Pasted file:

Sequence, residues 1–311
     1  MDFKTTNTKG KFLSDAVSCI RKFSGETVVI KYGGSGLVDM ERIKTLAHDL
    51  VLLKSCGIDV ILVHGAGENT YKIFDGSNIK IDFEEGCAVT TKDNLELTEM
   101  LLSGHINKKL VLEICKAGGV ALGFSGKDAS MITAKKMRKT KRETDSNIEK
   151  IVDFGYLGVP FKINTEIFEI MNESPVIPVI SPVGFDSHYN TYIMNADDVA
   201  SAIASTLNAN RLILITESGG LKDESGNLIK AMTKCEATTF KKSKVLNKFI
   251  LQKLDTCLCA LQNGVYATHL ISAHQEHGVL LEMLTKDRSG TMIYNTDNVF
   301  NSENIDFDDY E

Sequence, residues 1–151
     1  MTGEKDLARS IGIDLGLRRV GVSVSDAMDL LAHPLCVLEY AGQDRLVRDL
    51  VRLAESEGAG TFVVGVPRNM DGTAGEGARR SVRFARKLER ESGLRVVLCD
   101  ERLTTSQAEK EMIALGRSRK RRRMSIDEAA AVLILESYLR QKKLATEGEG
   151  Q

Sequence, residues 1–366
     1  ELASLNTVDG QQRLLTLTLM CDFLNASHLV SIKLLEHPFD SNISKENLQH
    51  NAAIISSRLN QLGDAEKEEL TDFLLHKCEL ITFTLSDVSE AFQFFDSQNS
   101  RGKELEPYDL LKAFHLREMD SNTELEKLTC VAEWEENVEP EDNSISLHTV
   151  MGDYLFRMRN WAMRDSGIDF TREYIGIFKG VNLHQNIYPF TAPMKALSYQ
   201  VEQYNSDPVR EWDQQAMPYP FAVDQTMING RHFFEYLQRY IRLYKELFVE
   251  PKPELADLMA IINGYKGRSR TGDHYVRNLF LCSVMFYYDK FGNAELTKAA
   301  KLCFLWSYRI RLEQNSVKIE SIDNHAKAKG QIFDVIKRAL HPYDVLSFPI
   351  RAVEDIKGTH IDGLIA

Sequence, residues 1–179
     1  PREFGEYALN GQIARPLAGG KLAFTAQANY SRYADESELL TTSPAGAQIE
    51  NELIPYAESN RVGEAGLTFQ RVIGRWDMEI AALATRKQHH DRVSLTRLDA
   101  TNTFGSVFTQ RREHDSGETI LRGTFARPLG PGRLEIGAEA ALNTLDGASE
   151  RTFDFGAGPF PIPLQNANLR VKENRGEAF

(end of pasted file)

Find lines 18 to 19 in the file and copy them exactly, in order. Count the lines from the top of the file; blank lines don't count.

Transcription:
   151  MGDYLFRMRN WAMRDSGIDF TREYIGIFKG VNLHQNIYPF TAPMKALSYQ
   201  VEQYNSDPVR EWDQQAMPYP FAVDQTMING RHFFEYLQRY IRLYKELFVE